Trump’s executive order rescinding Barack Obama’s guidelines on transgender inclusion in public schools also got national attention, if not quite to the extent of the travel ban(s); but what got less attention was the details of the executive order and the Obama guidelines he rescinded. And here it is important to note the political context in which the guidelines were issued in the twilight of the Obama presidency, with an outgoing president anxious to create some sort of historic legacy. The real opportunity to do so came in Obama’s first term, when he had a Democratic Senate and House of Representatives to work with until he handed both houses of Congress to the Republicans in the mid-term elections in 2010. What LGBT activists cheering Obama’s recent executive actions either have forgotten or conveniently failed to mention is the fact that he refused even to lift a finger to push the Employment Non-Discrimination Act (ENDA) through Congress, instead apparently taking the advice of the Human Rights Campaign (HRC) in focusing on repealing the ‘Don’t Ask, Don’t Tell’ policy of discrimination signed into law by Bill Clinton, who also signed DOMA into law. Still better than ENDA, Obama could have pushed through an amendment to the 1974 Civil Rights Act or similar legislation that would have prohibited discrimination based on gender identity and expression in employment, housing, public accommodations, health care, education and credit. For whatever reason, Obama refused to consider any non-discrimination legislation once he signed the DADT repeal bill into law, which only ended discrimination based on sexual orientation, not gender identity or expression.

With less than eight months left in office, and as the lamest of lame ducks and facing a hostile Congress controlled by Republicans, Obama’s options were limited to executive action, since no LGBT rights legislation would have had any chance of passage last year. LGBT advocacy organizations praised the president for what they characterized or at least wanted to believe were bold and courageous actions (National Center for Transgender Equality, “Department of Education affirms critical protections for trans students,” 5.13.16), but the time for bold action was in 2009 and 2010 when LGBT rights legislation had a decent chance of passage in Congress (Sam Levin, “Obama orders public schools to allow transgender students access to restrooms,” Guardian, 5.12.16). Here are a few important points to keep in mind when thinking about this whole brouhaha:

o The new guidelines (Ann Whalen and David Esquith, “Examples of Policies and Emerging Practices for Supporting Transgender Students“) were introduced with a cover letter from Catherine E. Lhamon of the US Department of Education and Vanita Gupta of the US Department of Justice (“Dear Colleague Letter on Transgender Students,” 5.13.16). The Obama guidelines focused on compliance with Title IX of the Education Amendments of 1972 and reference similar guidelines adopted by states and localities, including those adopted by the State of New York Department of Education (NYSED) guidelines for implementation of the Dignity for All Students Act of 2011; these salient points must be made:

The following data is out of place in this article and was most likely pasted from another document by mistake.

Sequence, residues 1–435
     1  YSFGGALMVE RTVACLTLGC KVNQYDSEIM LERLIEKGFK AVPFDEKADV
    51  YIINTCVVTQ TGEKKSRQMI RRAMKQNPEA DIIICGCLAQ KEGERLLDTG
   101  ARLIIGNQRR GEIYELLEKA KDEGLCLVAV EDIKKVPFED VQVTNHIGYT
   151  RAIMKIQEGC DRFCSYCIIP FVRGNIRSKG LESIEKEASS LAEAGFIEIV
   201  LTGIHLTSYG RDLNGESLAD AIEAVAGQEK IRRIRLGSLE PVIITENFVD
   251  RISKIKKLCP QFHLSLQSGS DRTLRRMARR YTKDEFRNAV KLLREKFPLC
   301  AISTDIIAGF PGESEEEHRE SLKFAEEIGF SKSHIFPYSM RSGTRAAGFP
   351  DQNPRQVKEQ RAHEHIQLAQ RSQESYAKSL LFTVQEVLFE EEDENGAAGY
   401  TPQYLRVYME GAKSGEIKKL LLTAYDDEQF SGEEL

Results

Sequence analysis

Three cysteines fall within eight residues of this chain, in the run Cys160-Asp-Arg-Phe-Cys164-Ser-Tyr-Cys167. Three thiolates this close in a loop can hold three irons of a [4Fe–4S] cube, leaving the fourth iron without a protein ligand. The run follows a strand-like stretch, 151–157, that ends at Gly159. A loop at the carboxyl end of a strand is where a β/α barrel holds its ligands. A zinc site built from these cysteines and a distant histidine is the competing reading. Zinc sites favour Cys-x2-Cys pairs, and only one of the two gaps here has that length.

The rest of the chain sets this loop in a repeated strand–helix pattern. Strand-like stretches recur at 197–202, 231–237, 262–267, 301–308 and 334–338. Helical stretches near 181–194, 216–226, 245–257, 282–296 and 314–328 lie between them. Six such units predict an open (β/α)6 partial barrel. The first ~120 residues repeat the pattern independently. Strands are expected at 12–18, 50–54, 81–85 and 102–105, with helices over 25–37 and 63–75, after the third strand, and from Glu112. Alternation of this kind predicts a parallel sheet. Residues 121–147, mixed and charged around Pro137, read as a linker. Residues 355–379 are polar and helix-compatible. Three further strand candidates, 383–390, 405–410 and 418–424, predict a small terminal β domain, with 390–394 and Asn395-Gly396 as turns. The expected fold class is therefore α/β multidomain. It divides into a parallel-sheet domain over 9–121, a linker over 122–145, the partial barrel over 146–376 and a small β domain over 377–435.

o While they might be helpful in advising schools on transgender inclusion, the guidelines had no binding legal force; the only way to enforce these guidelines would have been by withholding or threatening to withhold federal funds to school districts, localities and/or states to refuse or fail to abide by them.

0 The letter was clearly an interpretation of the provisions of Title IX and did not have the force of statute law.

0 There is no significant federal case law on the interpretation of ‘sex’ in Title IX to include gender identity and expression in the expansive manner in which the March 13 letter speaks; the risk of being overturned in court is not insignificant, given that courts general hew closely to legislative intent and it would be difficult to argue that there was transgender-specific legislative intent in the drafting of Title IX.

o Women’s safety is an important issue but has nothing to do directly with gendered restroom usage; it’s probably the case that most sexual predators are conventionally gendered (‘cisgendered’) heterosexual men; opponents of transgender rights are simply using the legitimate issue of women’s safety to undermine the safety of transgendered women & men.

o Opponents of transgender rights use the specter of sexual predators in women’s restrooms and changing rooms, but there is not a single case I know of of a conventionally gendered (‘cisgendered’) heterosexual man crossdressing to gain entrance to women’s spaces. And a sexual predator can simply walk into a women’s restroom or changing room if he wants to.

o There are already laws in every state and locality in the United States prohibiting assault and sexual assault; no transgender-inclusive statute, regulation, rule or guideline would do anything to undermine such laws.